This is a very interesting application. We shall vary the speed of DC motor from a remote place without any wire connection. I am using PWM (pulse width modulation) method to vary the speed of DC Motor. To make it wireless I am using IR transmitter and IR sensor. There are two sections in the circuit 1) PWM generator with IR modulator and 2) IR receiver and motor driver. Transmitter generates PWM wave of 50 Hz (20 ms) and modulates it over 38 KHz frequency. The IR sensor on receiver side will demodulate the PWM wave and drives the DC motor.
Let us first understand the block diagram of the system
PWM Generator: - Its astable multi-vibrator which generates frequency of 50 Hz (that means time period is of 20 ms). We may vary the pulse width from almost 2 ms to up to 18 ms.
IR Modulator: - Its also an astable multi-vibrator that generates exact frequency of 38 KHz. It generates IR light beam of 38 KHz
IR sensor: - It detects IR light beam of 38 KHz and triggers monostable multi-vibrator
Monostable multi-vibrator: - It simply reproduces same PWM that is generated by PWM generator at the transmitter side
DCM driver: - It drives DC motor using PWM (also we may change the direction of DC motor if needed)
DC Motor: - Its standard 12 V DC motor with max RPM of 1000
The complete circuit is shown in Circuit Diagram 1 tab and is divided in different sections
1) PWM Generator: - This is an astable multi-vibrator made up of IC555. The output is fed back to threshold and trigger inputs through two diodes D1 & D2. The frequency is given by
Freq = 1.44 / (R2 + R4)*C2
= 1.44 / 11000*2*10-6
= 65 Hz
Here when output is high, C2 charges via D1, part of R4 (say R4') and R2. When it charges more then threshold limit, output goes low. Now C2 starts discharging through R2 another part of R4 (R4") and D2. Again when it discharges to the trigger limit output again goes high and this cycle repeats. If we turn R4 clockwise, charging time is more so output pulse width is more and vice versa. Thus as we rotate R4 in either direction the output pulse width changes and we shall get PWM wave.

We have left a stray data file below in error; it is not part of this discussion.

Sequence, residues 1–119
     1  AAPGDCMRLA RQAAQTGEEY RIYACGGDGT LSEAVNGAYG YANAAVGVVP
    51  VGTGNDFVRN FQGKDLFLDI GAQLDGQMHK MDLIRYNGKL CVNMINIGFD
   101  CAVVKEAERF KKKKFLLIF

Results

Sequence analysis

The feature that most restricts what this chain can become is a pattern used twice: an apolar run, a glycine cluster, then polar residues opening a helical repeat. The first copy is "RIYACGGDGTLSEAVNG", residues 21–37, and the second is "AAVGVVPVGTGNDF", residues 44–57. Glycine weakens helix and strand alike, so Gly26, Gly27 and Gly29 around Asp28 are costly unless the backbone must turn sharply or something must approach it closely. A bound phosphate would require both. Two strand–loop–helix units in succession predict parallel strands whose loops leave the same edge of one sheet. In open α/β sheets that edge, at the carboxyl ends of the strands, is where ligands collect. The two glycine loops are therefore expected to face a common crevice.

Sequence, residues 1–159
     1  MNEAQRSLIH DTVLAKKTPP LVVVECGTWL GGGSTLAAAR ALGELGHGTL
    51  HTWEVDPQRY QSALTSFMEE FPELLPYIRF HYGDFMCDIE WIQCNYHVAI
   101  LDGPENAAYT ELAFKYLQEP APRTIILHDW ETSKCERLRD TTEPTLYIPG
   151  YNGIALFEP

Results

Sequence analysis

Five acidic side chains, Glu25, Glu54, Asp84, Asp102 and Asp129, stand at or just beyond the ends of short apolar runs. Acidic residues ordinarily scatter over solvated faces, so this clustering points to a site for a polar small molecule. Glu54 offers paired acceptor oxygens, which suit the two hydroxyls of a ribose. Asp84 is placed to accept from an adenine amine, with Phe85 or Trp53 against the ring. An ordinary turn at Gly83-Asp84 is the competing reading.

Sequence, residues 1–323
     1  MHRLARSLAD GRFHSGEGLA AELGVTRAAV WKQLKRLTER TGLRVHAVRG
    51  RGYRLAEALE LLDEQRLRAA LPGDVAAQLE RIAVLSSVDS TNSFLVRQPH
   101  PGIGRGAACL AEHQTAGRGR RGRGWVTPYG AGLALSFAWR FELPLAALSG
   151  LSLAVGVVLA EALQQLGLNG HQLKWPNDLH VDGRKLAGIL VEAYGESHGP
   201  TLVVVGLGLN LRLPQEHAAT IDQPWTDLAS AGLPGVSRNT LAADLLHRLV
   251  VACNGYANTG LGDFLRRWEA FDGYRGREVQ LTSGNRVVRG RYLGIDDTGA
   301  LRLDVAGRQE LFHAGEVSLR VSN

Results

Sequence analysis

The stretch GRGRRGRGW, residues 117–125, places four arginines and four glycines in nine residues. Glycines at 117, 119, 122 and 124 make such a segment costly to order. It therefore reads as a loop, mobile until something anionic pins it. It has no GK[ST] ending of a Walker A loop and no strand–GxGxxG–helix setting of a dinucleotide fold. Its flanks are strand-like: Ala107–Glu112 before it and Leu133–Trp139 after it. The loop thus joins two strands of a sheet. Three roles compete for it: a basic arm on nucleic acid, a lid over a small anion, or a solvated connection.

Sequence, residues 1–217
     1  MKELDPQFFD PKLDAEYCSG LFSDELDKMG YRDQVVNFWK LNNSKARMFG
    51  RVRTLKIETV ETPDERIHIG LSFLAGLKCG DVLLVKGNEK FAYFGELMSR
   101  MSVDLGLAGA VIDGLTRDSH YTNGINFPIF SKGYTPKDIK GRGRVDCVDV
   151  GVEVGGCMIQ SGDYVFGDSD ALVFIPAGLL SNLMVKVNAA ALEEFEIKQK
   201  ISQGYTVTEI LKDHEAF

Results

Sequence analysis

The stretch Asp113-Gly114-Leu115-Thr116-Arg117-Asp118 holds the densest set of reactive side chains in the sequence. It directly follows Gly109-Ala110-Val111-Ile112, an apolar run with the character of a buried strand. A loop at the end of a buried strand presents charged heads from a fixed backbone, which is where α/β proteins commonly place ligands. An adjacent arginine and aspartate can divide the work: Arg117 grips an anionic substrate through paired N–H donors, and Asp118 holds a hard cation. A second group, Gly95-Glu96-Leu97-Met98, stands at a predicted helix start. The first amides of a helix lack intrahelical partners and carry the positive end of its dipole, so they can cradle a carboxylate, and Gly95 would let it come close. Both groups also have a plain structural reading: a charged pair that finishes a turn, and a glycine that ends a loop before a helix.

2) IR Modulator:- This is again an astable multi-vibrator. Depending upon the given values of R5, R6 and C3 if we calculate the value of frequency then
Freq = 1.44 / (R5 +2*R4)*C2
= 1.44 / [470+2*1690]*10-7
= 37.4 KHz
As shown in figure the PWM output is connect to the biasing pin (Vcc) of this astable multi-vibrator. So when PWM output is high this will generate burst of 38 KHz wave. This means the low frequency 50 Hz signal is modulated using 38 KHz signal. As this output is directly given to IR LED, it will generate IR light beam of 38 KHz.
3) IR sensor: - This sensor will detect the IR light beam of 38 KHz and produces low output. Means when IR light falls on it its output is low and vice versa
4) Monostable multi-vibrator: - The output of IR sensor is connected to trigger input of IC555 which is configured in monostable multi-vibrator. Its time period is again kept very low (1.1 ms) as compared to transmitted pulse time period (20 ms). So its output will be nearly same as the PWM generated at transmitted side.
5) Motor driver: - Finally the output of IC555 is given to the base of Darlington pair TIP122 which is used to drive DC motor. As the width of pulse is more, more the speed of motor and vice versa
Thus as anyone changes the width of pulse on transmitter side the motor speed changes on receiver side. So we can tirelessly change the speed of DC motor. If you want to change the direction of motor then it requires slight modification in the circuit. Instead of single TIP122 we require four TIP122 to construct H-Bridge circuit as shown in Circuit Diagarm Tab 2
The output of IC555 is given to two H-Bridge inputs through SPDT switch. When switch is on position 'A', Q1 and Q4 are ON and Q2 and Q3 are OFF. So motor rotates in one direction. As the switch is moved to position 'B' Q2 and Q3 becomes ON and other two are OFF. So motor changes its direction of rotation.